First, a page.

Blue River differentiated itself from competition by targeting a segment it identified as an underserved niche: Middle-market businesses established and still managed by families or entrepreneurs. Shallow coverage of companies by research analysts narrowed the pool of companies targeted by foreign private equity firms looking for more known quantities — even at a premium — as they raced into a market that was relatively unfamiliar to them.
Blue River avoided this competition by targeting companies not covered by analysts, including private companies and public firms that were not actively traded or widely covered. Blue River also pursued investments in businesses outside the sectors typically pursued by global venture capital and private equity firms. Sectors in which Blue River invested — such as textile, packaging, and auto components — might be considered mundane and not particularly high-growth prospects in the United States, for example, but could become big businesses in an emerging market like India.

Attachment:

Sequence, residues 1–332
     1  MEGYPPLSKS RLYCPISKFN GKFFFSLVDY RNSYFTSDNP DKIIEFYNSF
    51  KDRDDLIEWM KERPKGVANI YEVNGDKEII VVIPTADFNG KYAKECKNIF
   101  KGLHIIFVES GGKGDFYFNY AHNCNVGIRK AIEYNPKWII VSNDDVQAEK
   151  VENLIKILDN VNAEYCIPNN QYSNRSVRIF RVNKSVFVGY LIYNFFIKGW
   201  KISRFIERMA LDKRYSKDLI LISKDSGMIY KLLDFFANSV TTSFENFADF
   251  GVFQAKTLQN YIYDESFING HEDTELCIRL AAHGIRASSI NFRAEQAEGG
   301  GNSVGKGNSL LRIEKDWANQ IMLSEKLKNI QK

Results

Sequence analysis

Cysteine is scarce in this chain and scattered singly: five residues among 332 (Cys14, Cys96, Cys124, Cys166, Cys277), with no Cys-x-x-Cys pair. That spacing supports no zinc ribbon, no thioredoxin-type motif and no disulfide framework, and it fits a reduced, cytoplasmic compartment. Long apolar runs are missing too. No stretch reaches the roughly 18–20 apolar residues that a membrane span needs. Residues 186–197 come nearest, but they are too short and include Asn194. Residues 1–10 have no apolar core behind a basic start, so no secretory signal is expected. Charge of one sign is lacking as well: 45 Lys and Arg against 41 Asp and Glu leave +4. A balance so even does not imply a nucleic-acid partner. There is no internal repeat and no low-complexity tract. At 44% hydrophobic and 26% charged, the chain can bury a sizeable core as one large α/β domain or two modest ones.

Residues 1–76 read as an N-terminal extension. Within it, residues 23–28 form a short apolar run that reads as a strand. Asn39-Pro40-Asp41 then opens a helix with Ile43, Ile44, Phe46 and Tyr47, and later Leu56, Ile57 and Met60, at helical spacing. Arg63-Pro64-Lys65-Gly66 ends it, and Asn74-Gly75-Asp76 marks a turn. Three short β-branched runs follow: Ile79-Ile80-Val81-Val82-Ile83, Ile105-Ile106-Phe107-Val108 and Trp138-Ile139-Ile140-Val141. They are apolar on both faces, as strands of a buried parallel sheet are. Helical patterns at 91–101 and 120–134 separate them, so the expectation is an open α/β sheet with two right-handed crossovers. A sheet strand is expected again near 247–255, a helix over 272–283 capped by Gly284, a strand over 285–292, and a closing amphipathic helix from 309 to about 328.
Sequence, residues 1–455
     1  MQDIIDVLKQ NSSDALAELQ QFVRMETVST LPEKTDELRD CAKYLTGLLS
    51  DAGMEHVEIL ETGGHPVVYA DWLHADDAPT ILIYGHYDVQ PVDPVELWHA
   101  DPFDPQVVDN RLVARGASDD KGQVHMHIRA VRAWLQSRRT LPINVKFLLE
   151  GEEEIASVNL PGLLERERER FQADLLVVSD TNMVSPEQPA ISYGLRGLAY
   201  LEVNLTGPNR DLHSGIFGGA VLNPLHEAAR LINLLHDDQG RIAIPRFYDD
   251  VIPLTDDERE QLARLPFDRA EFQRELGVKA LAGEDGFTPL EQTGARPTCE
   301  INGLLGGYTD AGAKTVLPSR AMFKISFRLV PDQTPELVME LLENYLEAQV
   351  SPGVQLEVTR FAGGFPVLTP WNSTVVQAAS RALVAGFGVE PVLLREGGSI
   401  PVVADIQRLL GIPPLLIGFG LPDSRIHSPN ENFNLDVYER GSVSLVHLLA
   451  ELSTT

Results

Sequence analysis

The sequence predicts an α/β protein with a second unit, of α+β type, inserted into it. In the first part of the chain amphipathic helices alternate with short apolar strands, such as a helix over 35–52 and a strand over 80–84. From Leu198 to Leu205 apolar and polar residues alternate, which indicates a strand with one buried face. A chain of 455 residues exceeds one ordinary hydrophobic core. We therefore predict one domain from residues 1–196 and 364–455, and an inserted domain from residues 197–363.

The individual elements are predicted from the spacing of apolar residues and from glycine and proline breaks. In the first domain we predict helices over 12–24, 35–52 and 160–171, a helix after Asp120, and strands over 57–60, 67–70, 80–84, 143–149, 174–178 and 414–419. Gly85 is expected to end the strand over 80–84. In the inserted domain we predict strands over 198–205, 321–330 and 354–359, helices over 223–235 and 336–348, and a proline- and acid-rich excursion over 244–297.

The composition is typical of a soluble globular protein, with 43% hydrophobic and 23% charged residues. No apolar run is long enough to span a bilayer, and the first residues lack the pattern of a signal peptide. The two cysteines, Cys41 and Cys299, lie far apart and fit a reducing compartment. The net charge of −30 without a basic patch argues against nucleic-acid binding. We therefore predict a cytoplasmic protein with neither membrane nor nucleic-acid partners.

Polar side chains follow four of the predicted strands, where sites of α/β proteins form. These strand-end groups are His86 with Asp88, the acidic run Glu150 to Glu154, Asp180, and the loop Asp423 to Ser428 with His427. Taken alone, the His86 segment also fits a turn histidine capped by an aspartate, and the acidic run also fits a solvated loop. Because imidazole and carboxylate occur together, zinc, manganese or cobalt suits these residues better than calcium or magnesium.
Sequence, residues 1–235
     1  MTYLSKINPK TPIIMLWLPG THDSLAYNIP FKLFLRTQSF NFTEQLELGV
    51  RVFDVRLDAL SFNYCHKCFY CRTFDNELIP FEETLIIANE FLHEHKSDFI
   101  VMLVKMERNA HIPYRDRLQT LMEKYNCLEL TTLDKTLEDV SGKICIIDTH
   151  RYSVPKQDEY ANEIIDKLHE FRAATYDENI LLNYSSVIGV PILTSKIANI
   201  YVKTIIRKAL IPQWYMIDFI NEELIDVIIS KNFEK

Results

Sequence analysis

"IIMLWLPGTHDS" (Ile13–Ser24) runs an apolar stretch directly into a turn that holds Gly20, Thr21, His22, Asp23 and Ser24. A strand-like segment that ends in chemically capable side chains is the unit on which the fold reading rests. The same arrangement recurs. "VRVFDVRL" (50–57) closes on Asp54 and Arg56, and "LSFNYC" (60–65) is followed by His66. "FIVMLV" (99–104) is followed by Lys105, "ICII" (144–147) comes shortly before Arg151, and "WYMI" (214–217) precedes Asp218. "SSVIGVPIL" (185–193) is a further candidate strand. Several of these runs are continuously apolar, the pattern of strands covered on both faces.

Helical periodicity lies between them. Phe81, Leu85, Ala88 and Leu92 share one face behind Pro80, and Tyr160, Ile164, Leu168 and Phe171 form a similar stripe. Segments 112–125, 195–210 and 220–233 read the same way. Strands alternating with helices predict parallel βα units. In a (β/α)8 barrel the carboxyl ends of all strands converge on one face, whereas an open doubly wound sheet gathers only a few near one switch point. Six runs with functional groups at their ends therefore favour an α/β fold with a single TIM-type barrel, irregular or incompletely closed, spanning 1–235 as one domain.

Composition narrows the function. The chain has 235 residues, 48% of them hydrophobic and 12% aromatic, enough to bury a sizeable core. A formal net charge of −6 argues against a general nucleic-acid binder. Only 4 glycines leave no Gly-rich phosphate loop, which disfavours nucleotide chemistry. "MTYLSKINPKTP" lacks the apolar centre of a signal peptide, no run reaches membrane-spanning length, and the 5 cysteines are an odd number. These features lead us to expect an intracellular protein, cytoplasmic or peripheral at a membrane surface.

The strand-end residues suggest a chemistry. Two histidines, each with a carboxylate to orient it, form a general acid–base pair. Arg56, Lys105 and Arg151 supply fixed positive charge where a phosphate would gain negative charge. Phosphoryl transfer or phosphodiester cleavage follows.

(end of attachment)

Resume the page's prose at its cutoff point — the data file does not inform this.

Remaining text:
Blue River sought out high-potential, low-risk companies within a segment deemed risky by many investors because they were not prescreened and could be difficult to assess. As with other firms operating in emerging markets, intermediaries need different capabilities to target different segments. Blue River exploited institutional voids directly as sources of investment opportunity by targeting a segment containing more institutional voids (see table ‘Segmentation for Blue River Capital’) — but where it could exploit the relative advantage of its local knowledge. “If it were easy, then it wouldn’t be an opportunity” a company executive said. “Because of all the complications, because of all the challenges, that creates the opportunity for the folks who are able to manage through that.”